Failing in-cab cameras ‘could cost fleets millions’

In-car camera-fleet news_2

BOOM: In-cab cameras are a growing market

Adopting failing forward-facing camera solutions incapable of correctly capturing data or an accident could cost fleets millions in insurance losses, an industry expert has warned.

Nick Plowman, Chief Technical Officer of Intelligent Telematics, claims victims of poor systems could lose big sums due to not possessing accurate and admissible evidence to defend or mitigate insurance claims.

Many cameras currently only capture data at one-second intervals, meaning they are often only able to provide impact speeds before or after an accident.

Mr Plowman claims companies must insist on using cameras that capture data at ten times per second, to ensure impact speeds are identified at the exact point when an accident occurs.

“There is massive interest in forward facing camera technology because businesses are recognising the benefits it can deliver in terms of proving what really happened and protecting against avoidable insurance costs,” he said.

“Any camera will help to mitigate claims, but as the insurance sector becomes more technically aware it will become critical to ensure that GPS accuracy and G-force measurement provides highly reliable impact speeds and force to prevent any challenges to the validity of data.”

“Not all camera solutions are fit for purpose…poor quality data faces the risk of being dismissed.”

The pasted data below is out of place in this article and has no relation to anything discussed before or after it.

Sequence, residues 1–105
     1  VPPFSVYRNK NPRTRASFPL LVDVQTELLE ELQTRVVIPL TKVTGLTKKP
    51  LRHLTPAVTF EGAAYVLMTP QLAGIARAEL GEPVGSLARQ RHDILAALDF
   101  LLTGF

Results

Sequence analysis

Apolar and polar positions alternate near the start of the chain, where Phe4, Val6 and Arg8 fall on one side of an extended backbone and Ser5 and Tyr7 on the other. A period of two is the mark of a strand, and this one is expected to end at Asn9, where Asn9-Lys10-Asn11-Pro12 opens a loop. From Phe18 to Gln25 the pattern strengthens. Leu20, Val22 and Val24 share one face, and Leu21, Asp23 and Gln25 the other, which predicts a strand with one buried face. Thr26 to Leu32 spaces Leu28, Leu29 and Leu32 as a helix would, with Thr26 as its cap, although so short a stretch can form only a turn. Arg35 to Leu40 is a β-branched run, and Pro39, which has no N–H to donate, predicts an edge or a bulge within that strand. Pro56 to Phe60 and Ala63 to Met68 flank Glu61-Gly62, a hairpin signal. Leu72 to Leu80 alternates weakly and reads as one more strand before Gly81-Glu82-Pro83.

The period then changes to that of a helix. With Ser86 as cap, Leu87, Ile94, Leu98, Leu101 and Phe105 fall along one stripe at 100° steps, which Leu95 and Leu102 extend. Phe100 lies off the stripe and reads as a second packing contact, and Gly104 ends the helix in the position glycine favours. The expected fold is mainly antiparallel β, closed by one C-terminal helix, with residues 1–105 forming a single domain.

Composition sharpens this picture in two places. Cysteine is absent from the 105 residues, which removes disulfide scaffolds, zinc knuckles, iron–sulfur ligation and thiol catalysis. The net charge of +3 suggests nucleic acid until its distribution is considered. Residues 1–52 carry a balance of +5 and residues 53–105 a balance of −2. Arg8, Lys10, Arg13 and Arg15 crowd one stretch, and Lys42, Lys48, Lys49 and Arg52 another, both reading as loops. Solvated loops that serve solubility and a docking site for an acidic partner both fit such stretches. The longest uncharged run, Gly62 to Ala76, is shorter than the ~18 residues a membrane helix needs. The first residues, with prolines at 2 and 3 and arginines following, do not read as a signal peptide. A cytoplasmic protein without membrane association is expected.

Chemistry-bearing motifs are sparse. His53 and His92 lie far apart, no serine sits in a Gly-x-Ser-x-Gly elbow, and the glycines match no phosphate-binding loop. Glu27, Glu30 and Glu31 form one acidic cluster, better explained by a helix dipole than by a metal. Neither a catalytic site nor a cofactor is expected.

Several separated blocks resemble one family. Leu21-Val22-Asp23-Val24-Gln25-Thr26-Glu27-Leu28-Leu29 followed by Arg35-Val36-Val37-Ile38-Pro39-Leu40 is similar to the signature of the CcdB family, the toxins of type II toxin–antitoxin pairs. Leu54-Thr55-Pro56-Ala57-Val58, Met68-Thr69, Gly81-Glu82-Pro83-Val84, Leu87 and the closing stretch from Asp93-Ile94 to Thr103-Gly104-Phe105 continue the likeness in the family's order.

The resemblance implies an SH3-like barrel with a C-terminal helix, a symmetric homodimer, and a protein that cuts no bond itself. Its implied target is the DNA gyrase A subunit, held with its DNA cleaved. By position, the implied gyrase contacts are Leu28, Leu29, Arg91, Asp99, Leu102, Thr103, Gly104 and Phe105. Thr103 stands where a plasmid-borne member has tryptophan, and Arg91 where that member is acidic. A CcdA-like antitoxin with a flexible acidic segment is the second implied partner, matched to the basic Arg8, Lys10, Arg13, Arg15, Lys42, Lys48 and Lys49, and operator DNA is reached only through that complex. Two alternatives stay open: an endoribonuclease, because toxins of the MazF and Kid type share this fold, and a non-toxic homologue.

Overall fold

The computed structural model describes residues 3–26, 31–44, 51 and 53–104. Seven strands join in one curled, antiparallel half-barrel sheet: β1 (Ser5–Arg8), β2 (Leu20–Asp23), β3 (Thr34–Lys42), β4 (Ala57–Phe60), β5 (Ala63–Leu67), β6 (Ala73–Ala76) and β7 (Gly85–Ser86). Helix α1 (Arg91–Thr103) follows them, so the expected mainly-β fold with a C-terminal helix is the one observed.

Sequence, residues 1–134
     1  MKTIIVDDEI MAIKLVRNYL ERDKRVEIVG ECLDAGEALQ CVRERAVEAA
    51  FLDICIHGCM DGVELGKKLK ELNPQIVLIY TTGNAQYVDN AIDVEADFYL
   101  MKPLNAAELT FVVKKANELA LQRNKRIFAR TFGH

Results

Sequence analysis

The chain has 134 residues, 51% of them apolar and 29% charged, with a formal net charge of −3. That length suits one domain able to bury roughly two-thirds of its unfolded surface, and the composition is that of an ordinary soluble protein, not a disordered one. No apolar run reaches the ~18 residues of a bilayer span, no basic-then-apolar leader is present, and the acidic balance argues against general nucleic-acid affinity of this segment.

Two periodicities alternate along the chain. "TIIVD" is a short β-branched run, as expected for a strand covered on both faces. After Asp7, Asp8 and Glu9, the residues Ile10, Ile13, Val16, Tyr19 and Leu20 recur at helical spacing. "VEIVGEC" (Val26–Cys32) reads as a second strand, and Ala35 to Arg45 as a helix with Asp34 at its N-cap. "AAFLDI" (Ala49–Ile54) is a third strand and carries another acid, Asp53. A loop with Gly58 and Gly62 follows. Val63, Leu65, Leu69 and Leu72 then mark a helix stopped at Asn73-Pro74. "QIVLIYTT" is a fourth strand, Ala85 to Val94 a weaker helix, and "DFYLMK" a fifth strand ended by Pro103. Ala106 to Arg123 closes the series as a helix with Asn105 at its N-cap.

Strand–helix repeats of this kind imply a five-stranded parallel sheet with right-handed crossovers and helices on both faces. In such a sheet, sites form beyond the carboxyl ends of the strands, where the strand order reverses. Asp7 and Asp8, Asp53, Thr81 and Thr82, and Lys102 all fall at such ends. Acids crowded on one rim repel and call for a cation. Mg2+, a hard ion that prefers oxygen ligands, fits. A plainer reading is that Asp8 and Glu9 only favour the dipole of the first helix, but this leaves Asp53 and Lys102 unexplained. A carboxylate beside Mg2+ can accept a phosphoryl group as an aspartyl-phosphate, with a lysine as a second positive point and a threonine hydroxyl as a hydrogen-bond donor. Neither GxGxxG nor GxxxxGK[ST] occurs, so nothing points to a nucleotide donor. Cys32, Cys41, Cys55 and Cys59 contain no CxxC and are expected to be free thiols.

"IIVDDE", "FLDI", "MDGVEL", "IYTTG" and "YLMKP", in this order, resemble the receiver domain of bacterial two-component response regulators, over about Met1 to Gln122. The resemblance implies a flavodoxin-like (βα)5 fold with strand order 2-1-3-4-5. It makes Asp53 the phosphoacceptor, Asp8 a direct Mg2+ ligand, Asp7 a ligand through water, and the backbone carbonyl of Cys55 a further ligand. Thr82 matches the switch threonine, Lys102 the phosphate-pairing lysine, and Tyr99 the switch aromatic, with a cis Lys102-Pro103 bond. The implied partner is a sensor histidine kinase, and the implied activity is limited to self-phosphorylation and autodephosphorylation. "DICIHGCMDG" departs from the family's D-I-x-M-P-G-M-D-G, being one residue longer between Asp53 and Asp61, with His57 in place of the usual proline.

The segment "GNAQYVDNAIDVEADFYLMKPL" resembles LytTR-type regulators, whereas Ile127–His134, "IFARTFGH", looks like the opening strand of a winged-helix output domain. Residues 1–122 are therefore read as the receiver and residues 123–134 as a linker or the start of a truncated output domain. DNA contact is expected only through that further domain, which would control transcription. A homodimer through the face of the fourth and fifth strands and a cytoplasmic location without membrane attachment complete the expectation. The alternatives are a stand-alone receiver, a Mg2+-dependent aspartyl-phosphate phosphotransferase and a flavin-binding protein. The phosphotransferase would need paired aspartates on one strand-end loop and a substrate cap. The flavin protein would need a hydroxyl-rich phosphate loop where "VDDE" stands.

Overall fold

Nick Plowman, Intelligent Telematics

According to Mr Plowman, it is also essential that a camera is mounted perfectly square on both horizontal and vertical planes to have a zero G-force reading when stationary.

Fleet operators are often advised to mount cameras angled forward to pick up more of any blind spots, so a vehicle will automatically be registering up to 0.45g at standstill.

Auto calibration is a necessary requirement of any camera solution that will ensure correct measurement and protect the legitimacy of any data capture, Mr Plowman added.

“Not all camera solutions are fit for purpose and as levels of adoption increases and the technology becomes embedded in the road transport and fleet sectors, poor quality data faces the risk of being dismissed with operators ultimately having to absorb the added costs,” he said.

“Therefore, it is important that companies carefully consider any camera investment to avoid potentially spiralling insurance.”


  1. I am surprised that a reputable website has published such unsubstantiated claims by Nick Plowman.

    Firstly, GPS is not approved by the home office for speed detection, so whether it’s 1 or 10 times per second. In a court of law it’s irrelevant.

    Secondly, a forward facing camera will give an indication of the G force involved in an incident in the vehicle it’s in, also its fixed to a windscreen. Insurers biggest costs/concerns are third party bodily injuries. How does your devices prove what G force happened to the third party? Remember humans are not attached to windscreens!

    Nick, if you could please post any links on here to prove your claims and show it’s not just sales propaganda. If not the fleet industry should take your claims with a pinch of salt.

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